In/Output brings Alan Chan, Michael Leung and Rony Chan’s love of objects to the fore. Christie Lee reports.
Tucked away in unassuming commercial building on Gloucester Road in Wanchai is Gallery 27. Headed by Hong Kong designer and brand consultant Alan Chan, the privately-owned gallery plays host to a range of design and art shows that veer towards the unexpected and experimental.
The latest of its kind, In/Output is conceived by Chan, Hong Kong-based design firm MIRO, and online platform Things We Like, helmed by Michael Leung and Rony Chan. While the show title cheekily references the workflow in your typical office, expect nothing ‘ordinary’ from the exhibition itself.
Upon entering the gallery one comes face-to-face with a sumptuous salvo of objets d’art sourced from Asia and Europe, among which include a Twemco AP-28 flip clock from 1956. The world’s only manufacturer of fully automatic flip clocks for over 50 years, Twemco’s endearing designs are still used in local banks and train stations.
Given Chan’s fascination with typography, on display was also an enviable compilation of Chinese stamps and an early 20th century mahjong set, all sourced from flea markets in Hong Kong, Beijing and Shanghai. Besides delivering on the aesthetics front, they also provide, according to the curators, a “careful study of the positive and negative space (the yin and yang) of the Chinese craft of seal-carving.”
All talk of rare and precious objects aside, the real strength of the exhibition lies in the way these objects are being arranged. To quote the curatorial statement: “In this material world, people are surrounded by manufactured objects – the good, the bad and the ugly. Because of the inertia of their existence we have become numb to their influence on our everyday mood and behavior. These objects, their forms, colours and functions, affect how we perceive this world and how or what we create… the exhibition… explores the stories between (design) objects, their creators, their owners and the people whom they have inspired.”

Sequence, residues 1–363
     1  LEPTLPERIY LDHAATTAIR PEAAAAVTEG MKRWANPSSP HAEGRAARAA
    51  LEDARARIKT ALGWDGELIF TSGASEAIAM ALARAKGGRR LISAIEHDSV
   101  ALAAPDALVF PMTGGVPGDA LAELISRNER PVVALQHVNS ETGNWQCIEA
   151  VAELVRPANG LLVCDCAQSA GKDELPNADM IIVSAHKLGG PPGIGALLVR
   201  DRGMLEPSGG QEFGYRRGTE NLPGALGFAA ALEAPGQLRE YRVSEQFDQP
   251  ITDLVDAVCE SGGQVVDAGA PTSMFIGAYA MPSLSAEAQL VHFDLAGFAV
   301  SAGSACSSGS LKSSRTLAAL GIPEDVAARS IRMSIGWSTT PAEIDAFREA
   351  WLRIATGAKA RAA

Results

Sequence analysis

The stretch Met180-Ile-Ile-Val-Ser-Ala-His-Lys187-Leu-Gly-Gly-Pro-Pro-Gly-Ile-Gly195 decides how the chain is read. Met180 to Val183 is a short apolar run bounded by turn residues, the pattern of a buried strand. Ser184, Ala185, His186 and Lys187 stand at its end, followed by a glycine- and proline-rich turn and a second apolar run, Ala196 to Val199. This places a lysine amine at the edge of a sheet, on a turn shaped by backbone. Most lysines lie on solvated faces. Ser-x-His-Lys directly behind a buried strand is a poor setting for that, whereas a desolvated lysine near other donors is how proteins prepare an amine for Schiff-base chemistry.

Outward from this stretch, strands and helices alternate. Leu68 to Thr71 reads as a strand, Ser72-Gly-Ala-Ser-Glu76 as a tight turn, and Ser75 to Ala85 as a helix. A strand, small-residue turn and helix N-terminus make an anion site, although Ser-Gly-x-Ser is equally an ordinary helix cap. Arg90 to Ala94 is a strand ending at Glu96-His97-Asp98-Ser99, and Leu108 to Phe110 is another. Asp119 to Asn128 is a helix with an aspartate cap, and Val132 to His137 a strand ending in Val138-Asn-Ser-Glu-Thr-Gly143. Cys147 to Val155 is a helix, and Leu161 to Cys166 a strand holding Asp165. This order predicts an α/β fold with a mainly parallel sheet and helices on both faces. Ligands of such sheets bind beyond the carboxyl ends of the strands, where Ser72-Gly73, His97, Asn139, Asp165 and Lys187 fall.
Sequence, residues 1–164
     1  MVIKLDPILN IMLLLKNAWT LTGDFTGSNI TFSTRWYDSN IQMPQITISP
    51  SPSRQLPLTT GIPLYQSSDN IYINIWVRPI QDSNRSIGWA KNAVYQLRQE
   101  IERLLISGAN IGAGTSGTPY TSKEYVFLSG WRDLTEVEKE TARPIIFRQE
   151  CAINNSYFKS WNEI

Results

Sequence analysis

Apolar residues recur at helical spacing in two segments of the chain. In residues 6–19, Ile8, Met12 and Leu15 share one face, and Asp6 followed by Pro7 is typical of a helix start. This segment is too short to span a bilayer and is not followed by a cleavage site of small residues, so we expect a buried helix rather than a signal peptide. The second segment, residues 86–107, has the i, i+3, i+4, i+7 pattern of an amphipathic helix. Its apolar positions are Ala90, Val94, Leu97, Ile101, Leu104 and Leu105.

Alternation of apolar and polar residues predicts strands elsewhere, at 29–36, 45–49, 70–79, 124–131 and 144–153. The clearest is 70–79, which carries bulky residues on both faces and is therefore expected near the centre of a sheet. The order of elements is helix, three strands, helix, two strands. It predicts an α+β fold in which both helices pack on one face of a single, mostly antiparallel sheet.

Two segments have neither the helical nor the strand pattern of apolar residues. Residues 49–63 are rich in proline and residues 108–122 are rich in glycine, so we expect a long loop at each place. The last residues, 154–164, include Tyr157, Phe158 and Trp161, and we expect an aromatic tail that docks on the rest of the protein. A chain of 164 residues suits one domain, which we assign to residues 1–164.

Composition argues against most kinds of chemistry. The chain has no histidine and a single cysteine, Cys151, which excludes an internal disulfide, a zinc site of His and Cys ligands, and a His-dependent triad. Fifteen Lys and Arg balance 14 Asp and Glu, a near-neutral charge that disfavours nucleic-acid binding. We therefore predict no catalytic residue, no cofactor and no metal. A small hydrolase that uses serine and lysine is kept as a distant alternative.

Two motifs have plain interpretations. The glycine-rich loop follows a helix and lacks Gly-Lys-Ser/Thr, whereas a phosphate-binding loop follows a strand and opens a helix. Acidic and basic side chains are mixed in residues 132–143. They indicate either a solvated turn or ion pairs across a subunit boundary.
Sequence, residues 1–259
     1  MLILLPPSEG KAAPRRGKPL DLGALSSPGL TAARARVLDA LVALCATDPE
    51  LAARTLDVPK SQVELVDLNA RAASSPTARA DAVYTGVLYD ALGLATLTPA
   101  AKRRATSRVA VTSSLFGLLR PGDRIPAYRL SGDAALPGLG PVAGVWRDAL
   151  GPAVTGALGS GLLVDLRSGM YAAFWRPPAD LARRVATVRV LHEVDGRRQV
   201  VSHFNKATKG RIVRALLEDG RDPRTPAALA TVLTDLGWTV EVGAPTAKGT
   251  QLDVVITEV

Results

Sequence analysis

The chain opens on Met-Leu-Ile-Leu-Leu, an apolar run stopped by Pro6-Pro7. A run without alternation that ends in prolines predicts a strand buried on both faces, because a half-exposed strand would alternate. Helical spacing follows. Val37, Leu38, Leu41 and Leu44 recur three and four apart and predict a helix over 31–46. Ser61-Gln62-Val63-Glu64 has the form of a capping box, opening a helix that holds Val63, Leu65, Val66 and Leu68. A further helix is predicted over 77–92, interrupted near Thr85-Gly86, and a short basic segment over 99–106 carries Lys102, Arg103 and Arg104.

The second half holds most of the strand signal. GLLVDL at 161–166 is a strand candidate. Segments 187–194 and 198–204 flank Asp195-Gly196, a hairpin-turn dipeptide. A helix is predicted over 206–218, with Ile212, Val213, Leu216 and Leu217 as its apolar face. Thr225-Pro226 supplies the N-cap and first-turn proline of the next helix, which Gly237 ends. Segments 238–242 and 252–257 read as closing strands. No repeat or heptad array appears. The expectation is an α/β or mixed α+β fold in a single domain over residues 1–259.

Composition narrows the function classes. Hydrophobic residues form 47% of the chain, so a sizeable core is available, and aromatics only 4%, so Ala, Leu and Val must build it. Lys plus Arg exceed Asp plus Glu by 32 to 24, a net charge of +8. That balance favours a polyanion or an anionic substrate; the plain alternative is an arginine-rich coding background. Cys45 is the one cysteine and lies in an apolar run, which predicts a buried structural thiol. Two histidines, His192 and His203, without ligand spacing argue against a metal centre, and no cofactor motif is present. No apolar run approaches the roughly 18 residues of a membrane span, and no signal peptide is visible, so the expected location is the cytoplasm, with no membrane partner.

Objects at In/Ouput are grouped together according to type, form, texture, or simply because they evoke similar emotions. Look out for such whimsical and unexpected pairings as a 1969 Olivetti The Valentine Portable Typewriter and a prototype of the Miss Blanche, a liquid acrylic resin chair dreamt up by Japanese designer Shiro Kuramata in 1988. While functionality is at the heart of both designs, both are imbued with their own quirky romantic element.
Meanwhile, a mini globe made by British toymaker Chad Valley, two vintage Minox cameras and a Zeiss Ikon Movinette 8B are grouped together on the first table. Here, the connection is more obvious – they’re all instruments through which we ‘see’ the world, both literally and metaphorically.
One of this writer’s favourites would have to be the pairing up of a classic Braun HL 1 Fan and two bracelets. Designed by Reinhold Weiss in 1961, the fan has been lauded for its simplicity and design-driven functionality. The bracelets were made by twisting a single piece of ivory or ceramic around a strand of wire. While not immediately apparent, their resemblance to one another extends beyond colour and texture – they’re both underpinned by the simplicity of form.
In/Output runs until May 23 at Gallery 27.